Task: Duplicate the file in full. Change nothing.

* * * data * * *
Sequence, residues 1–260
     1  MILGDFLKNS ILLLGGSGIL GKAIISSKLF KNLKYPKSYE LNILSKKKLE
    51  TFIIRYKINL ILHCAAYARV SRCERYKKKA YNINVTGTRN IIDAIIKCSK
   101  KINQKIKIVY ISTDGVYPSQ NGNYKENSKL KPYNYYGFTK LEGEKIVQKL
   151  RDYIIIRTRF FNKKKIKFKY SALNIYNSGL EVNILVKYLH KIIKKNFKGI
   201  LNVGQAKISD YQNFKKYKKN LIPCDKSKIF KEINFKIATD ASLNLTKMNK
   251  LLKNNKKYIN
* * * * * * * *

Sequence, residues 1–260
     1  MILGDFLKNS ILLLGGSGIL GKAIISSKLF KNLKYPKSYE LNILSKKKLE
    51  TFIIRYKINL ILHCAAYARV SRCERYKKKA YNINVTGTRN IIDAIIKCSK
   101  KINQKIKIVY ISTDGVYPSQ NGNYKENSKL KPYNYYGFTK LEGEKIVQKL
   151  RDYIIIRTRF FNKKKIKFKY SALNIYNSGL EVNILVKYLH KIIKKNFKGI
   201  LNVGQAKISD YQNFKKYKKN LIPCDKSKIF KEINFKIATD ASLNLTKMNK
   251  LLKNNKKYIN